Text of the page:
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Welcome to our Anniversary Blog by resident blogger Jake Hope. Jake will be reading and reviewing all of the past CILIP Carnegie Medal winning books during the anniversary year. We are also asking shadowers to "Adopt a Book" and join in reading and discussing the anniversary titles in their shadowing groups.

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15
Sep
2017

"Thinking of Laura. Thinking of Sonny. Thinking up explanations for the note they’d find beside the body. I don’t know how it happened, Aunt Clara. I guess it’s my natural talent for getting into trouble. One thing led to another. Doesn’t it always? If trouble’s around I always seem to find it, but I can’t find my money."

Josh

Carnegie winner: 1971
Author: Ivan Southall

Fourteen year old Josh is a sensitive boy and an award winning poet.  He begs his parents to be allowed to go and stay with his Great Aunt Clare in the ancestral home at Ryan’s Creek, an occurrence that is something of a rites of passage.   Far from being the break he’d hoped, instead it becomes a collision of two worlds, one urban, reflective and cerebral and the other provincial, deprived and greatly affected by the Great Depression. From his arrival, Josh finds himself ill at ease having no personal and private space of his own with even his bags having been violated and unpacked and the poems that he’d written read.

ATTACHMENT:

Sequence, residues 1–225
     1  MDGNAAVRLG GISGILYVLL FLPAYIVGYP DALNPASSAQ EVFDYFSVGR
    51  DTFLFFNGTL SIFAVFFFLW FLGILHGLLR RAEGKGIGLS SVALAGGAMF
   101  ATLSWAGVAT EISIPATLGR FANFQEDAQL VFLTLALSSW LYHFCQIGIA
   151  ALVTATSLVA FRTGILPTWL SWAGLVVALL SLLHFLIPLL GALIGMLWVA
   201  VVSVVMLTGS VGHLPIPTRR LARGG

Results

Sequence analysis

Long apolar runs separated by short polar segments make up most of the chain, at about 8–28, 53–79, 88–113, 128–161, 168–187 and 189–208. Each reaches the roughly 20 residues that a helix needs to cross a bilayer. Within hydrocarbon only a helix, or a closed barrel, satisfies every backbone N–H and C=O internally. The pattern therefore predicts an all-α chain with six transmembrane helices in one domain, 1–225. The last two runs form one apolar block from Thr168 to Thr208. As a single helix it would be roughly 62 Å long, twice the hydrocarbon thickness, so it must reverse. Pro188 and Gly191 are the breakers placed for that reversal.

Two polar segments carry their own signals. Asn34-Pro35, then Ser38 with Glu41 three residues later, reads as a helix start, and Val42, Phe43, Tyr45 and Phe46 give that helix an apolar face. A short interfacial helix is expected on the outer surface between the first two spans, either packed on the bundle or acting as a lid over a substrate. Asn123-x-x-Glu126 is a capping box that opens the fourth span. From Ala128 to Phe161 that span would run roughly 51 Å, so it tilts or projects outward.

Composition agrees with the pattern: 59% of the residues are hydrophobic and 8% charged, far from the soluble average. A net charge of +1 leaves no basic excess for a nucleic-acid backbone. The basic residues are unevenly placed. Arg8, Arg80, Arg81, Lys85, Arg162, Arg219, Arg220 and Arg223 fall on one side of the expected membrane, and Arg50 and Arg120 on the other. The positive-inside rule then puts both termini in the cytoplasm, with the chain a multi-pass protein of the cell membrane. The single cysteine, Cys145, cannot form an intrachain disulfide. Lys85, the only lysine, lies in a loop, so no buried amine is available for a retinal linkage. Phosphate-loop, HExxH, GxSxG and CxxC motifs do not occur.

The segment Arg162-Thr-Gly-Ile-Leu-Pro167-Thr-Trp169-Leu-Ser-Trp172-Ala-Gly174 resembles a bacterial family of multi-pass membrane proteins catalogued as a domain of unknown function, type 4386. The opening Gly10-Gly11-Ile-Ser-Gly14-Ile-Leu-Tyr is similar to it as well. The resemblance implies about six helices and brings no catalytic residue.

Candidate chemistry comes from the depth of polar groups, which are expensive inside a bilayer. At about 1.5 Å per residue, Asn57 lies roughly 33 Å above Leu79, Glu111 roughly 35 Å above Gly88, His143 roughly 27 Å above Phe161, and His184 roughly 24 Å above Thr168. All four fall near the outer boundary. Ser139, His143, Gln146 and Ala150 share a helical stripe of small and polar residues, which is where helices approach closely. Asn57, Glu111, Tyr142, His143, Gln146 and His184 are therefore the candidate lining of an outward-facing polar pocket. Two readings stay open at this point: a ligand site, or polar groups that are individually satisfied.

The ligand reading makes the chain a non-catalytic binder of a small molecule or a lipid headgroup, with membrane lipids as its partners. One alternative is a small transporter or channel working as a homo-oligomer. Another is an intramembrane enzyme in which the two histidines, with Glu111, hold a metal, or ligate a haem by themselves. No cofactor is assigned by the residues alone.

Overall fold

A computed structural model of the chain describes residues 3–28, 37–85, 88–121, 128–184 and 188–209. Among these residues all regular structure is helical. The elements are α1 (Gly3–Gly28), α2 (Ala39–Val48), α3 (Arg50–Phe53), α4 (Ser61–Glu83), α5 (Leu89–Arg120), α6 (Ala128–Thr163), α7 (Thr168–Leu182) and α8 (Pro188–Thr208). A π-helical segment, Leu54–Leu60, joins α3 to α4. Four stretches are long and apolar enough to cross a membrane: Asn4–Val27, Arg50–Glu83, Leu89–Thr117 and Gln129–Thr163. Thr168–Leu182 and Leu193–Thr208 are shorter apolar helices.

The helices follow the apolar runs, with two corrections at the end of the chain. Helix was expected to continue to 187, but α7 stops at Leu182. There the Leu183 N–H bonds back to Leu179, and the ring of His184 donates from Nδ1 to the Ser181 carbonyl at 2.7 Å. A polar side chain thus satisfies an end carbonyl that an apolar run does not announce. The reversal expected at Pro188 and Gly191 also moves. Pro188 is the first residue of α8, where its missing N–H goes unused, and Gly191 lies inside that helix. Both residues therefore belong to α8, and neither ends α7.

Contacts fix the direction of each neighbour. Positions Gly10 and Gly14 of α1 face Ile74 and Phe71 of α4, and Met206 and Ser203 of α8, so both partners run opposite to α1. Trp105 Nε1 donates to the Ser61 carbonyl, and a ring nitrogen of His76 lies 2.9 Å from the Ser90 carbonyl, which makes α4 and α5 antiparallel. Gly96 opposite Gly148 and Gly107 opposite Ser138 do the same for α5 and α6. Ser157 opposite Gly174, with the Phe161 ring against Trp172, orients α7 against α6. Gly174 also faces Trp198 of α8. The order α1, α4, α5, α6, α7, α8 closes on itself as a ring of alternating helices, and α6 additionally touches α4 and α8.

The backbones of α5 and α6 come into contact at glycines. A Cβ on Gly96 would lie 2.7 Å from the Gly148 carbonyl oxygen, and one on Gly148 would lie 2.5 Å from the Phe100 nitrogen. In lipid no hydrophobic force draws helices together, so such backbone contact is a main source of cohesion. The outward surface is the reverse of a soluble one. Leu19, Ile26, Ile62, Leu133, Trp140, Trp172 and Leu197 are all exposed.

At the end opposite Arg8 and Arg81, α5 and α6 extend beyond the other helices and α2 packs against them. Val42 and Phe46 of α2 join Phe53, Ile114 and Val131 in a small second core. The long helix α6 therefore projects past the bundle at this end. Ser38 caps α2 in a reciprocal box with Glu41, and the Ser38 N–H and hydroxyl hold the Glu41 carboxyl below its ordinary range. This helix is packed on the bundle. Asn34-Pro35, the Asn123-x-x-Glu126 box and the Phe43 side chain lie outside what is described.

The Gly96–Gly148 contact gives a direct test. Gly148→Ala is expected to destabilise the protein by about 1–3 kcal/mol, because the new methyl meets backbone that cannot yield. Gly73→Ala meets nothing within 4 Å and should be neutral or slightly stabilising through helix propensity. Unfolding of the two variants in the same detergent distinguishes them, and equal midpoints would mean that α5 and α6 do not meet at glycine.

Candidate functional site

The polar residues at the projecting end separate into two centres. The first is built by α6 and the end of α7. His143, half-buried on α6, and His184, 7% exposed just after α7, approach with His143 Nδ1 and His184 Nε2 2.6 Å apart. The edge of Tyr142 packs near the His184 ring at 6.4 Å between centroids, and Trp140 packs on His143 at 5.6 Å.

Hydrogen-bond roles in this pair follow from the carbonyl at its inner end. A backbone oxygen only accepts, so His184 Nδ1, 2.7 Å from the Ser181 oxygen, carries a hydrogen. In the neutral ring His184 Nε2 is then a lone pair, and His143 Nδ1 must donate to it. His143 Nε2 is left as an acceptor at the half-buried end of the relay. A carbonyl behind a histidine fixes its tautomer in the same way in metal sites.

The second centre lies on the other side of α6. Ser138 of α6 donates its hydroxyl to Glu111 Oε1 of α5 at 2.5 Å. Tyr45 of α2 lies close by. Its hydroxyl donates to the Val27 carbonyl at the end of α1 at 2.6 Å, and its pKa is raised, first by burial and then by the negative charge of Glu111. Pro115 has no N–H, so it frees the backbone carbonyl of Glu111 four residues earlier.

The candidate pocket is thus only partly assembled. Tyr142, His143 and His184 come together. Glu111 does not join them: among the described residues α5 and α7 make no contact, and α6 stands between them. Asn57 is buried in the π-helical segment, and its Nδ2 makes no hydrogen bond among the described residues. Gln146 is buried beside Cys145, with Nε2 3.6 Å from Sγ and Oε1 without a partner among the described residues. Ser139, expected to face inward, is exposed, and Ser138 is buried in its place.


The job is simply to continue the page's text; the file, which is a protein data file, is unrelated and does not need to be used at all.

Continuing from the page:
Aunt Clara is held in high esteem by the residents of Ryan’s Creek, but Josh feels less certain and experiences a growing sense of frustration, anger and mounting pressure.  This insular and inward looking nature of the small town, becomes all the more pronounced when Josh tries to dissuade Laura from jumping off a bridge in attempts to impress him and is, instead, accused by the locals of having encouraged her.  Josh’s world view is widening and his experiences broadened through his stay in the town, although this is deeply uncomfortable with both mental and physical chastisement by his Aunt and the denizens of the town itself.

Stylish, experimental through its stream of consciousness narration and breaking with convention, Josh is a confident, assured and highly unusual novel that comments on the nature of difference and how this is broached and broadened by other views.

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